That’s not a real struggle. It’s not that big, not that bad. You can hardly even call it a struggle.

But when I finally confessed my struggle, when I finally said what I needed prayers for, Bekah said, “Me too.”

So we prayed together, out loud, in public and it was then that we knew the weight of vulnerability had been lifted and the lightness of liberation took hold. It was then that we realized it was okay to be vulnerable especially in the presence of another believer.

Through vulnerability, we can grow closer to a sibling in Christ. And when we stop fearing vulnerability and allow someone to see even a small part of who we really are, we can finally learn what it is to be set free.

It’s like looking down the steep slope of a blue run and then taking the plunge feeling like you might cry or maybe even die from fear and exhaustion. But once you’ve left the flat landing and you’ve found yourself on the base of the mountain realizing that you’re still in one piece and that you actually did it, there’s nothing else like it. When you take the plunge into the thing you fear, you will find that you can say, “I no longer fear you.”

So find someone you can share a part of your soul with, ask for prayers, pray with them and learn that it is okay to be vulnerable.

Taking Flight, Writing

Praying for Paris


It’s a place that fills some of my most treasured memories. It’s where I had the best crepe of my life. It’s where I fell in love with coffee. It’s where I found the most amazing bookstore (thanks to Amanda Scott!). It’s where I formed new friendships and then watched the Eiffel Tower light up the night sky with them. We laughed. We explored. We were adventurous! When I was in Paris and the UK, I felt like I was finally starting to live the song “I Lived” by OneRepublic.

But that was before the terror. Before the city of lights went dark and the city of love felt fear. Before over 100 people died. Before people no longer felt safe leaving their homes.

I remember Paris being a bustling city that never stops, but now I imagine it’s streets and Metro stations deserted and it’s world-class cafes and patisseries empty. I imagine the tables that face the streets longing for a spectator willing to watch passers-by, willing to observe the theater before them. But I imagine the theater of the streets longing for anyone to walk by as well.*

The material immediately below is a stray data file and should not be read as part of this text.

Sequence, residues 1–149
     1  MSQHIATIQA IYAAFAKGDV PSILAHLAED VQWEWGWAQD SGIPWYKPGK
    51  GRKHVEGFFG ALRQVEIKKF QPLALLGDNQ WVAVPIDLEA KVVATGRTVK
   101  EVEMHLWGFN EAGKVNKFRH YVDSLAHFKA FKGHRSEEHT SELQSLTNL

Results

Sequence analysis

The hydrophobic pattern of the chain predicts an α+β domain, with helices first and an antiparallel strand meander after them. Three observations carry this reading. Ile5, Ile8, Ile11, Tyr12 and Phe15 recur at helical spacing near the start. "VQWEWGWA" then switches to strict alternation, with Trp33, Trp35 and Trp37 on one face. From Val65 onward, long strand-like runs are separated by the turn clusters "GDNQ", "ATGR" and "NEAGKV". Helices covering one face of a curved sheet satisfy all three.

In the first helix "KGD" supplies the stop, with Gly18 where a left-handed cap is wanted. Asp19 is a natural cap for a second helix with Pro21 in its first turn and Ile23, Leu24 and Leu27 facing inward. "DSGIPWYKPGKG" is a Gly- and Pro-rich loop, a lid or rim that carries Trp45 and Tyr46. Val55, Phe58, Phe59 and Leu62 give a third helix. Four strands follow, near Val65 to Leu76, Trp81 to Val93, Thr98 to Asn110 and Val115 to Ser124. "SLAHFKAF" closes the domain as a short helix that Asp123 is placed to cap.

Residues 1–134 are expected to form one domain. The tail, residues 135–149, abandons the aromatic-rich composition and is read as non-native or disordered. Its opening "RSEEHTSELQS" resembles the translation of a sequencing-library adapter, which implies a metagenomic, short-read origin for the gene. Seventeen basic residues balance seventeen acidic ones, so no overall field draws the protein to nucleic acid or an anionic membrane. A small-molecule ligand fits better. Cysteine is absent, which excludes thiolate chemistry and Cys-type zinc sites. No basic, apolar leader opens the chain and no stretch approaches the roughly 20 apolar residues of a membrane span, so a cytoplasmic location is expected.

Though France may be our oldest ally, the French and Americans haven’t always seen eye-to-eye. I certainly felt those tensions when I had the opportunity to visit Paris. But we sympathize…no empathize. Americans know what it is to experience an attack on home soil. We know what it is be scared to go anywhere. We know the fear, the hurt, the anger, the sadness. We’ve asked why, how could they, and what next.

So, to Paris and all of France, we know. We stand by you and we pray for you.

*For anyone who has never been to Paris, many of the cafes and restaurants there have patio seating and all the chairs face the street. While I was in Paris, a local told me and the group I was with that it’s a French pastime to “people watch.”


Taking Flight

But We Still Call Him Father

For the past week, thousands of people have prayed on Ben’s behalf and have waited to see what God’s answer would be. This morning we got our answer and the answer was “no.”

Though it is not the answer any of us wanted, it is the answer we were given.

But we still call Him Father. We still call Him good. We still call Him loving. We will probably never understand in this life why God answered the way He did. However, one thing I am certain of is that without a doubt Ben was a light in a dark world and his impact, his love, his smile are certainly still seen and felt. His death is felt across the world, but any believer will know that he isn’t really dead but asleep (1 Thessalonians 4:13-18) .

One Sunday when I was at home, our preacher, Chris, said something about how not everything happens for a reason, but that some things just happen. When I first heard that sermon, I wasn’t sure what to make of it. At the time, most of my thought process hinged on the idea that everything happened for a reason like most people believe and that all things happened for the good of His kingdom like most Christians believe.

Now I think I know why there’s something flawed in thinking all things happen for a reason because when you start to think that everything happens for a reason you start to ask God “why” and when you start to ask why, you start to walk a tightrope between a shaken faith and a shattered faith.